Energy-hungry India is set to put its economic muscle to work, as it strives to make inroads into Central Asia. A recent India-Central Asia Conference in Tashkent, along with visits throughout the region by Prime Minister Atal Bihari Vajpayee, Defense Minister George Fernandes and Foreign Affairs Minister Yashwant Sinha, indicate that India's foreign policy focus is shifting increasingly beyond its traditional China-Pakistan focus.
India's energy needs are driving the country's interest in Central Asia. With a population of over 1 billion and a booming economy, India is ranked as the world's sixth largest energy consumer. To keep its economy growing at an average annual rate of 7-8 percent, Indian Planning Commission Chairman K. C. Pant recently told the Indo-Asian News Service, the country will need to increase its energy consumption by roughly 5 percent each year.
For a country that imports nearly five times the amount of electricity it exports, such an increase represents a tall order. It is one that India, mindful of its historic Silk Route ties with Central Asia, hopes the largely untapped energy potential of the region will fulfill.
Indian oil company ONGC Videsh Ltd. already has a 15 percent holding in Kazakhstan's Alibekmola oil fields and a 10 percent holding in the country's Kurmangazi fields. According to a January 2003 report by John Hopkins University's Central Asian-Caucasus Institute, it would like to put down a minimum 20 percent stake in Uzbekistan's oil and gas fields as well. Water-rich Tajikistan and Kyrgyzstan have also lined up to offer hydropower projects to India.
For now, though, mired in an ongoing debate over transportation routes, ambitious energy export plans have yet to deliver. Eager to skirt arch-rival Pakistan, India has supported a controversial 890-mile, $2-billion "energy highway" that would run from Russia via Uzbekistan, Turkmenistan, and Kazakhstan, and on to Kashmir through the India-China Line of Control.
In considering energy questions, security issues are coming into play. With Taliban attacks on the increase in nearby Afghanistan, India fears the resurgence of fundamentalist Islamic groups in an area it hopes will be not only a willing trade partner, but dependable supplier of oil and gas.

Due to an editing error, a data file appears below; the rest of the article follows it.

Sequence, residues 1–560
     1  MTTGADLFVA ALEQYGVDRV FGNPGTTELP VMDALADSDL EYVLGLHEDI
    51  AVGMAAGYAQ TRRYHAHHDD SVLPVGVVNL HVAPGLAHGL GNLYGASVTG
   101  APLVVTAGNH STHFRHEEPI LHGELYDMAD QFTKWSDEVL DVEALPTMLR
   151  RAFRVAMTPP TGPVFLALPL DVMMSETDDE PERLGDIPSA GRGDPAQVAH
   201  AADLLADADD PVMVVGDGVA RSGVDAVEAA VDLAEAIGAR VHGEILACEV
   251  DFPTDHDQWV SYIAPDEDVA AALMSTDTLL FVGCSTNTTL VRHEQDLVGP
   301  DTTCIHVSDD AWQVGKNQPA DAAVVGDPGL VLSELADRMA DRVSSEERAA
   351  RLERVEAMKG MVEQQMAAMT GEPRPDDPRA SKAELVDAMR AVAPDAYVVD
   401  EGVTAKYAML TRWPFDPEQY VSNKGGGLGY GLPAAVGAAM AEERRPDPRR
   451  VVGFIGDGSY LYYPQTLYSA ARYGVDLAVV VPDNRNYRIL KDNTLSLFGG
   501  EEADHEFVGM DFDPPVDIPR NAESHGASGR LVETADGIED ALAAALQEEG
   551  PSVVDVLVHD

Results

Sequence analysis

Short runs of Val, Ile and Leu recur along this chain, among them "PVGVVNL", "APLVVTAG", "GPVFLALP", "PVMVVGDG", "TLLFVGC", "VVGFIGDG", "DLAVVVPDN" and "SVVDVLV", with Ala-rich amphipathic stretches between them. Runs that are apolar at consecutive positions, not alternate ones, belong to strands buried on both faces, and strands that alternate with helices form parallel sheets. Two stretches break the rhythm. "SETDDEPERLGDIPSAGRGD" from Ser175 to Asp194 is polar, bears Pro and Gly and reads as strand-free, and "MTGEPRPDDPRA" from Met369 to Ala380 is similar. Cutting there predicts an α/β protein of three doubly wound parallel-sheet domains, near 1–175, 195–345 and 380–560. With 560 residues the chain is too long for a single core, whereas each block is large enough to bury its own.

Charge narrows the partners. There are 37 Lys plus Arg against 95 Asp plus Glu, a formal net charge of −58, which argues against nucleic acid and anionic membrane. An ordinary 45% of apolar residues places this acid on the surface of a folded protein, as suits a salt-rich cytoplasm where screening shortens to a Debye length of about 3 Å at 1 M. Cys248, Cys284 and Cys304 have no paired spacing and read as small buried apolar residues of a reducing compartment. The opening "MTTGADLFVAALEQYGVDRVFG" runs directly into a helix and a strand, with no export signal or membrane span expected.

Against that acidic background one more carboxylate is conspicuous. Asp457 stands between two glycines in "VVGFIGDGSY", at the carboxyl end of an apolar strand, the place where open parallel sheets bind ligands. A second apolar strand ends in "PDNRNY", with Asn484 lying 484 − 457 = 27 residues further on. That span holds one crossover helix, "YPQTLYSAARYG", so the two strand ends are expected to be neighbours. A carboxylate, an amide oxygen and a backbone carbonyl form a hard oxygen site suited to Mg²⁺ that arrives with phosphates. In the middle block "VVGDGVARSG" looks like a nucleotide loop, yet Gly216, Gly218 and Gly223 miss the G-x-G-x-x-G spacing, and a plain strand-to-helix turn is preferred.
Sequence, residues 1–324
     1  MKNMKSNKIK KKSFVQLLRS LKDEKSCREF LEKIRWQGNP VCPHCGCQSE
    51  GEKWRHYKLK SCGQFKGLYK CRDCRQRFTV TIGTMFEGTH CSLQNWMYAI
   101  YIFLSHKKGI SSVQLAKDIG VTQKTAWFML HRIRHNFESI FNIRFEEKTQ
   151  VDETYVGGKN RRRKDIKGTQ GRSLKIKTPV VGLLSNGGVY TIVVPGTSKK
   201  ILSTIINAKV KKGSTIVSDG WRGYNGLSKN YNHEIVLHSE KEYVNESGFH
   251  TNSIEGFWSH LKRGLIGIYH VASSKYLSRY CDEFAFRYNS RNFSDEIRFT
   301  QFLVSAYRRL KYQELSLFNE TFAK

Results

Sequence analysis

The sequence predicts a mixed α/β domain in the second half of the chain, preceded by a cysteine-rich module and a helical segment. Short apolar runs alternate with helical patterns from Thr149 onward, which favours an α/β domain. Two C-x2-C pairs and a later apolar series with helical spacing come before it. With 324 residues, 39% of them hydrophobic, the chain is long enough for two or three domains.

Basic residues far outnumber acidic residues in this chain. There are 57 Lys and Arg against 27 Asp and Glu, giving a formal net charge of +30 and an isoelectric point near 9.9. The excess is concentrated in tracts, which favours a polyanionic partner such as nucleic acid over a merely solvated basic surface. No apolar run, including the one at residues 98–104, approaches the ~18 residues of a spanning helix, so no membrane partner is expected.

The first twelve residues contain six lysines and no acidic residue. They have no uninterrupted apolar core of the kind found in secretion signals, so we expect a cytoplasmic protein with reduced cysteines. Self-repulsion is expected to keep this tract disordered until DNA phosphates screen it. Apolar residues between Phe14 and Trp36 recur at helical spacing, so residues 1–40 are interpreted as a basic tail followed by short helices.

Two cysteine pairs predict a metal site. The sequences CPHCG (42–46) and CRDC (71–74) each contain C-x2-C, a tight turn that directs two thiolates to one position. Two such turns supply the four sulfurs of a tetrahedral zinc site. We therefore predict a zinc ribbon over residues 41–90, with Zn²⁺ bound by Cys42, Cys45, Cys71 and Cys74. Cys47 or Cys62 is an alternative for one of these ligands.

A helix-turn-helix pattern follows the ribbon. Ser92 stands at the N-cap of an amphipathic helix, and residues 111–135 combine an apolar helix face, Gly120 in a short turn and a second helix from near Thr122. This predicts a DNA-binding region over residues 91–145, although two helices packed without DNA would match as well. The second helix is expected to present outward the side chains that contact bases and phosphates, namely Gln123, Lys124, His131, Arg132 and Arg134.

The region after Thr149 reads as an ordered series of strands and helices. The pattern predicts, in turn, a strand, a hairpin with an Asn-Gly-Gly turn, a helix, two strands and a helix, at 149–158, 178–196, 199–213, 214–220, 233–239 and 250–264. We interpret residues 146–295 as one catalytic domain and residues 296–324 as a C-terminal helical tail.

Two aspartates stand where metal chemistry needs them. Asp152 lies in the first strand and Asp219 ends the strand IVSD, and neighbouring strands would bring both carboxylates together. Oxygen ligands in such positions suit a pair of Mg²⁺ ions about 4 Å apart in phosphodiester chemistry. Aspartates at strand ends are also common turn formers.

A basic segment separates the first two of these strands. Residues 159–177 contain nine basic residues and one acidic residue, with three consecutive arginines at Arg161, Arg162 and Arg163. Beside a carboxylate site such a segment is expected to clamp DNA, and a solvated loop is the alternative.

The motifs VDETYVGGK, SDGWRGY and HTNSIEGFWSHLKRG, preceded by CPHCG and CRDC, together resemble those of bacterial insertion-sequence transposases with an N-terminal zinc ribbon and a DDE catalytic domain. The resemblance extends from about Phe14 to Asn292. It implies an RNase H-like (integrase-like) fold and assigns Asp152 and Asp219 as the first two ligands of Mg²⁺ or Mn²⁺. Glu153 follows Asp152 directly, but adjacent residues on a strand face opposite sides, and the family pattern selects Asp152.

Last year, India began repair work on an air base at Ayni, about six miles outside of the Tajik capital Dushanbe. At a November 2003 meeting with Tajikistan's President Imomali Rahmonov, Prime Minister Vajpayee denied India plans to station aircraft at the base, RFE/RL reported, but Western defense analysts and Rahmonov himself have contradicted him.
Joint military exercises have been held with both Tajikistan and Uzbekistan and, in November 2003, Indian Defense Minister George Fernandes announced plans to enhance anti-terrorism cooperation with both countries. Kazakhstan's leader, Nursultan Nazarbayev, has proposed that India go a step further and join Central Asia's regional security alliance, the Shanghai Cooperation Organization -- a suggestion welcomed by Russia, but opposed by China. Also in the works: six Ilyushin mid-air refueler planes on order from Uzbekistan, and a pledge of financial support for a navy to defend Kazakhstan's Caspian Sea oil routes.
While traditional rivals China and Pakistan may cast a wary eye on these military maneuvers, officially New Delhi is assuming a reassuring tone. "We are not interested in moving into the region," Foreign Minister Sinha told The Hindu in February 2003. "There is more than enough room there for us all."
Yet that inclusiveness may stop short of the United States. Despite New Delhi's improved relations with Washington, many Indian officials see the semi-permanent American bases in Uzbekistan and Kyrgyzstan as potential "lily pads" for the United States, said Dr. Phunchok Stobdan, a research fellow at India's government-funded Institute for Defense Studies and Analysis. Stobdan suggested Washington could use the bases to intervene in local conflicts, or exert political pressure on local leaders.
The "reconfiguration forms a compelling reason for India's reclaiming its geopolitical rights and responsibilities in Central Asia," said Dr. Stobdan. "India's overriding concerns are security-driven, too."
At the Nov. 6-8 India-Central Asia Conference in Tashkent, Sinha confirmed the addition of a Tajik leg to the planned Russia-Iran-India trade corridor that would "reduce by 1,500 kilometers [932 miles] the distance between India and Central Asia." A trade agreement between Iran, India and Turkmenistan and, now, Tajikistan is hoped to further smooth the way. But some analysts warn that by strengthening ties with India, Central Asia risks being drawn into a larger foreign policy zone of competition, involving Pakistan, India and Afghanistan.
Ibragim Alibekov is the pseudonym for a Kazakhstani journalist.